Daily Dose of Vitamin B2

Are you wondering how much vitamin b2 to take for women? For men or children?

Age GroupFemale (mg/day)Male (mg/day)
0-6 months0.3*0.3*
7-12 months0.4*0.4*
1-3 years0.50.5
4-8 years0.60.6
9-13 years0.90.9
14-18 years1.01.3
19-50 years1.11.3
51+ years1.11.3
How much vitamin b2 / Riboflavin to take

*For infants (0-12 months), the values are presented as Adequate Intake (AI), which serves as a guideline when an RDA cannot be determined.

As in anything shown on this website, its for reference only, please consult with a doctor for personalized advice.

Where to Buy Riboflavin (Vitamin B2)

Vitamin B2 can be purchased at pharmacies and at online drug stores. Here are some highly rated brands of vitamin B2. These have a much higher daily dose of vitamin B2 that your body needs, so please consult with a doctor to discuss and potential adverse effects.

Migraine Relief Complex: This is a gummy and highly rated.

Nutricost Brand: These are gluten free and non GMO Capsules.

FAQs For Riboflavin / Vitamin B2

Can Vitamin B2 Help with Migraines?

Yes, riboflavin (Vitamin B2) has been studied for its potential to help prevent migraines. Research suggests that riboflavin can be beneficial in reducing the frequency and intensity of migraine headaches.

When Should You Take Vitamin B2

The timing for taking vitamin b2 isn’t as critical as some other supplements, but there are a few guidelines you can follow to increase the level of absorption and effectiveness.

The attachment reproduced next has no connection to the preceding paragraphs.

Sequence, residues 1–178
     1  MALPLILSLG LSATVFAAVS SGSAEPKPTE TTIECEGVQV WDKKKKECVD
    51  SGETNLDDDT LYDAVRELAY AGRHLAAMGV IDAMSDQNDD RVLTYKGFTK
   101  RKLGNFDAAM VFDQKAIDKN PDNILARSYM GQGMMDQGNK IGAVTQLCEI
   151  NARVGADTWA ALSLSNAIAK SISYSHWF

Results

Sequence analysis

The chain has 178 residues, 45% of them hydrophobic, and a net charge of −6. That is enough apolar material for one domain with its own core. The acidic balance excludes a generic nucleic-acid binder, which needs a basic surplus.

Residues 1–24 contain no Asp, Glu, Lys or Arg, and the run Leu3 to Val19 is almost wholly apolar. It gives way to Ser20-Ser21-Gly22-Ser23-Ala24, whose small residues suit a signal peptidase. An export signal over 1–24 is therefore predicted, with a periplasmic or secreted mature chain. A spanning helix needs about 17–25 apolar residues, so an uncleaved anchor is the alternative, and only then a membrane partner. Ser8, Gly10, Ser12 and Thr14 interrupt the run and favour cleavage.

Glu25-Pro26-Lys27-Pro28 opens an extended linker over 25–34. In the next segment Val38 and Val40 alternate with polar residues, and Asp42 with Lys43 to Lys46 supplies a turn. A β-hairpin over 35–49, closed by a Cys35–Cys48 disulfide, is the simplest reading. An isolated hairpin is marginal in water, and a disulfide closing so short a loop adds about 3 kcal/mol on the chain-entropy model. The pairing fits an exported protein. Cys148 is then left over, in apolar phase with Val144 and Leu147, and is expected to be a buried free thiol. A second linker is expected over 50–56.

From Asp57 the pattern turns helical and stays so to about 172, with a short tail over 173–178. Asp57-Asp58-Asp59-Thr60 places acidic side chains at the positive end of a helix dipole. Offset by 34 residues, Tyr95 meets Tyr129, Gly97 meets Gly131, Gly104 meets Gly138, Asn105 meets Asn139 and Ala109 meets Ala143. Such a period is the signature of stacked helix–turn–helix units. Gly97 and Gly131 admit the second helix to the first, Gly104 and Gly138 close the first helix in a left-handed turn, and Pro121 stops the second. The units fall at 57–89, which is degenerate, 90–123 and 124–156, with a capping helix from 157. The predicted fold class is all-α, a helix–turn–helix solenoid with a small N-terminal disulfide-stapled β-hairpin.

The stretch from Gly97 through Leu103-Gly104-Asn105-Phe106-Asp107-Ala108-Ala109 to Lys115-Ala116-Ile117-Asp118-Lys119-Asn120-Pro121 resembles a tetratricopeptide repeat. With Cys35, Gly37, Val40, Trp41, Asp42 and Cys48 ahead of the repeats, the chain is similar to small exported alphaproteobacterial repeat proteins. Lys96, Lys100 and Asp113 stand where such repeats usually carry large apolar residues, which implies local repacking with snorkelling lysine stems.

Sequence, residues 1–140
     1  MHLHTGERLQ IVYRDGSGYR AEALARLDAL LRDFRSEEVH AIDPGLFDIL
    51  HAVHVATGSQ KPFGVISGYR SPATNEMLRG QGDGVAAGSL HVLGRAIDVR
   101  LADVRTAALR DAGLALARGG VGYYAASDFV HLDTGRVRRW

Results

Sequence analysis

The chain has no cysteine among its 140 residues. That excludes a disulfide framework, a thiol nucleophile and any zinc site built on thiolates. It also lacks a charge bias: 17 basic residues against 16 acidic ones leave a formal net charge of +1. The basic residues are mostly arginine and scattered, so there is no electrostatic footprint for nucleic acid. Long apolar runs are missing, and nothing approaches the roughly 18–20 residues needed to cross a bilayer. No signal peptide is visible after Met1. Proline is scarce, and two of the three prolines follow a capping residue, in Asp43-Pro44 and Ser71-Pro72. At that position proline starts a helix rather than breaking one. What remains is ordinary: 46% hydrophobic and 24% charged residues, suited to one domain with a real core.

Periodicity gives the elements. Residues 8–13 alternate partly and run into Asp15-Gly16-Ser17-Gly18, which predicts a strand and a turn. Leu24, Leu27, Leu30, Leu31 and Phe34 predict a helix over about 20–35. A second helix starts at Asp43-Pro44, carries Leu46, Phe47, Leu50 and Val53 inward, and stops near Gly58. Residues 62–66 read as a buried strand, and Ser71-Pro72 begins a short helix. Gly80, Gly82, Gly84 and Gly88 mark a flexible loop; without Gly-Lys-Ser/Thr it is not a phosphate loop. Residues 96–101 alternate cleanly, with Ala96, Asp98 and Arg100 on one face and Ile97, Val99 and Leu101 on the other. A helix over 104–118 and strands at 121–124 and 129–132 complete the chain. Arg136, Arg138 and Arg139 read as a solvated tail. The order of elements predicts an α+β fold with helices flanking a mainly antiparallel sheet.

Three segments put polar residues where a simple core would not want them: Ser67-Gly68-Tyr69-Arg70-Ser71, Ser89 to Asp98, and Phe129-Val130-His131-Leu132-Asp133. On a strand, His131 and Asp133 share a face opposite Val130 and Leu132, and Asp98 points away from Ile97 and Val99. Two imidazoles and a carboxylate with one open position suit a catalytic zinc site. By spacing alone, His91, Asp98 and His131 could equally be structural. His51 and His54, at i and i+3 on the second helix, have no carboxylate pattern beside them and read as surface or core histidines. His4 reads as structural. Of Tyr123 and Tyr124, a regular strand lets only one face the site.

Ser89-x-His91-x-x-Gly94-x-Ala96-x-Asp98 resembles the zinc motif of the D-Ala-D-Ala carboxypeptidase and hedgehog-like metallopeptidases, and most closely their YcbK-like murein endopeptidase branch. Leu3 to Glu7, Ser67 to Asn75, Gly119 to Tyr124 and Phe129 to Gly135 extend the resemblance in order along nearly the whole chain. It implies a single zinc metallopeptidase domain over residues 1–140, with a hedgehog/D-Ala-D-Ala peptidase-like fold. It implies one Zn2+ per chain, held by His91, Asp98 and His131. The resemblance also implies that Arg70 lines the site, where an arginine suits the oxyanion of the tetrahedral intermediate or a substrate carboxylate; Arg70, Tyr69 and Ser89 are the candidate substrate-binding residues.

Consistent Timing: If you take your riboflavin supplement at the same time each day can help maintain a consistent level in your body, which might be beneficial for its metabolic functions.
Avoid High-Dose, Single Intake: When you need to take a higher dose, consider splitting it into two doses taken at different times of the day to maximize absorption and minimize any potential urine excretion of unabsorbed riboflavin.
Morning or Noon: Since B vitamins, including riboflavin, can potentially contribute to increased energy, taking them in the morning or early afternoon might prevent any interference with sleep.

Should You Take Vitamin B2 With Food

Riboflavin is best taken with a meal to enhance its absorption and to reduce the risk of stomach upset that might occur if taken on an empty stomach.

Can Vitamin B2 Cause Diarrhea?

Yes, while it’s quite rare, taking high doses of riboflavin (Vitamin B2) can potentially cause diarrhea.

Can Vitamin B2 Cause Headaches

This vitamin is not known to cause headaches and is, in fact, often used as a treatment to help reduce the frequency and severity of migraines. However, like any supplement, individual reactions can vary, and in rare cases, some people might experience headaches as a side effect of taking high doses of riboflavin or due to other ingredients in a vitamin supplement formulation.

Can Vitamin B2 Cause Nausea

Yes, taking high doses of riboflavin (Vitamin B2) can sometimes cause nausea. This side effect is more common when the vitamin is taken on an empty stomach or in significantly higher doses than the recommended dietary allowance.